Strategy in 2017: Climates in the Workplace
By Christine Kenline | Workplace Strategist
January 10, 2017
HOW AUTONOMY AND RESILIENCE CONTINUE TO IMPACT THE WORKPLACE ECOSYSTEM AND THE WAY WE WORK.
The design philosophy at IA integrates qualitative and quantitative research to develop a workplace strategy that informs our design decisions. During our process, we use a systematic approach when analyzing the integrated management of people, place, processes, and culture. Because, as we like to state, data + design = positive business outcomes.
In his book Drive, Daniel H. Pink suggests that there is a gap between what science knows and what businesses do. We believe that workplace strategy can help fill this gap for organizations looking to better understand the ever-changing workplace ecosystem. By analyzing the interconnected network of macro environmental factors—social, political, economic, and technological or what I’m calling “climates” in the workplace, we can better predict the future of work and provide more aligned, strategic recommendations and design solutions uniquely tailored to clients.
Defining what we see for 2017, autonomy and resilience will be two of the driving forces of change to the social, political, economic, and technological climates and their inherent impact on the workplace ecosystem.
We are living in a world that is continuing to change at an exponential rate. Resilience, or the ability to “bounce back” from setbacks and be adaptable to change, has not only become an area of influence on the macro, organizational level but on the micro, individual level. People are taking work more personally and, now that the line between work and personal life is blurred, we are emotionally connected to our work, causing it to affect us in a much deeper, more intrinsic manner. Because of this emotional connection to our work, we want the independence or freedom to control all aspects of our lives, no longer just our personal time. We want autonomy—or at least some level of it.
So how does autonomy and resilience affect our place of work? There are various autonomous models that have erupted as trends in the workplace over the past few years. We’ve seen management of space where activity-based design gives us the freedom, or autonomy, to choose the type of space that best fits the task(s) at hand. We have helped support autonomous processes in results-oriented work environments, where you are focused on the end goal—how you get there doesn’t matter. Moreover, how organizations manage people has been transitioning from the hierarchical model to adhocracy, even holacracy, by integrating a flatter, more informal organizational structure.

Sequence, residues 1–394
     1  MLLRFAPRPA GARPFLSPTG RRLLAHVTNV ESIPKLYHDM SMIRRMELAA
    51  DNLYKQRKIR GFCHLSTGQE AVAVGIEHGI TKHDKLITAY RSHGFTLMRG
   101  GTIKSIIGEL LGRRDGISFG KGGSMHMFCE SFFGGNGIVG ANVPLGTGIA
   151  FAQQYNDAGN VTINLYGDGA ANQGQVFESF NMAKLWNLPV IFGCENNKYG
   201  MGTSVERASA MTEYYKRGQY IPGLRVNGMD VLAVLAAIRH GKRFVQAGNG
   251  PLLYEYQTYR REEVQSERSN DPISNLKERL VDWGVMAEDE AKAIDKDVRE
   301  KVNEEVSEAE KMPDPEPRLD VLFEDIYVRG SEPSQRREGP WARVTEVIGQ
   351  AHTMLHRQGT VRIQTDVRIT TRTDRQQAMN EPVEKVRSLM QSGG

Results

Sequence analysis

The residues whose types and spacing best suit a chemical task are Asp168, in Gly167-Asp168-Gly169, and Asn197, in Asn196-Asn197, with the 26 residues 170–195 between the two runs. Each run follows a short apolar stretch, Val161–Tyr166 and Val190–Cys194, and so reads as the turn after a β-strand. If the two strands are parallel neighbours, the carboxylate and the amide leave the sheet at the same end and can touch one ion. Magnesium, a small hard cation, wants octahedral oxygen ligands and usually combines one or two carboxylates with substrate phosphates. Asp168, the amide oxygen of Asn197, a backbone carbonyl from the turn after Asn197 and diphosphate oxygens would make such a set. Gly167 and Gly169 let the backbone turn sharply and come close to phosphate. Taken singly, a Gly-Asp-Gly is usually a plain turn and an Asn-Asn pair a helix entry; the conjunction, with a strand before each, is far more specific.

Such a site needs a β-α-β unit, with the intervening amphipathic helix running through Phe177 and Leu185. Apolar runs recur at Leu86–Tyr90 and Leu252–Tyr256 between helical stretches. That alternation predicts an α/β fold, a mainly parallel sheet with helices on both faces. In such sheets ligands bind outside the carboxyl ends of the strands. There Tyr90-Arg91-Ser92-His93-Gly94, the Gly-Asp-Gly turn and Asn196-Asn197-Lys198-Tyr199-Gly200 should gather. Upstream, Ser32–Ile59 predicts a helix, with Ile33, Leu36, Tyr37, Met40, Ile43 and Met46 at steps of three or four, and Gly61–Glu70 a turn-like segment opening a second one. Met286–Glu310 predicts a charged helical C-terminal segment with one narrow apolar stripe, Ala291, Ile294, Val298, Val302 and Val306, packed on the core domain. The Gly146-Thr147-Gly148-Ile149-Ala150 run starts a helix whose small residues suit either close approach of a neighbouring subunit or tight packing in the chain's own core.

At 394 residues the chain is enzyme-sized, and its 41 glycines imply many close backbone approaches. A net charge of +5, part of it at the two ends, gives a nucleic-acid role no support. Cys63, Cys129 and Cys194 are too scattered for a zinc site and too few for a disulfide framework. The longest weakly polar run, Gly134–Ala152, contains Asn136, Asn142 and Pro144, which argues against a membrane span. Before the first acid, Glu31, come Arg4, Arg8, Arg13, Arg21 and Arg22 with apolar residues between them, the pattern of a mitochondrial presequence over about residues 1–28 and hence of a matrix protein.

Resilience in the workplace has impacted our lives as we continue to manage disruptions and accept constant change as an integrated part of our lives. We are focusing on providing balance in the workplace—especially around focus and collaboration, where determining the right allocation of these spaces is key to organizational success. We applaud company mantras such as IDEO’s slogan “Fail often in order to succeed sooner,” where failure-tolerance is on the rise so as not to suppress our right-brain characteristics. According to author Pink, “right-brainers will rule the future.” The agile work process emerged from the “fail often” concept to support where, when, and how people want to work, to maximize productivity and innovation.
This focus on resiliency around people has also shifted our focus on sustainable building systems to highlight personal wellbeing. In a sea of change that supports this theme of autonomy, people are viewed as the highest asset within a company. The WELL Building Certification program is a strong example of the shift in focus to people and their health and wellbeing, bridging the gap between human success and a resilient environment.
In conclusion, we are shifting from external influencers driving us as a society to a cultural model of autonomy or self-governing and resiliency or self-efficacy. The key word here is self; we are making changes from the inside out.
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Making changes from the inside out.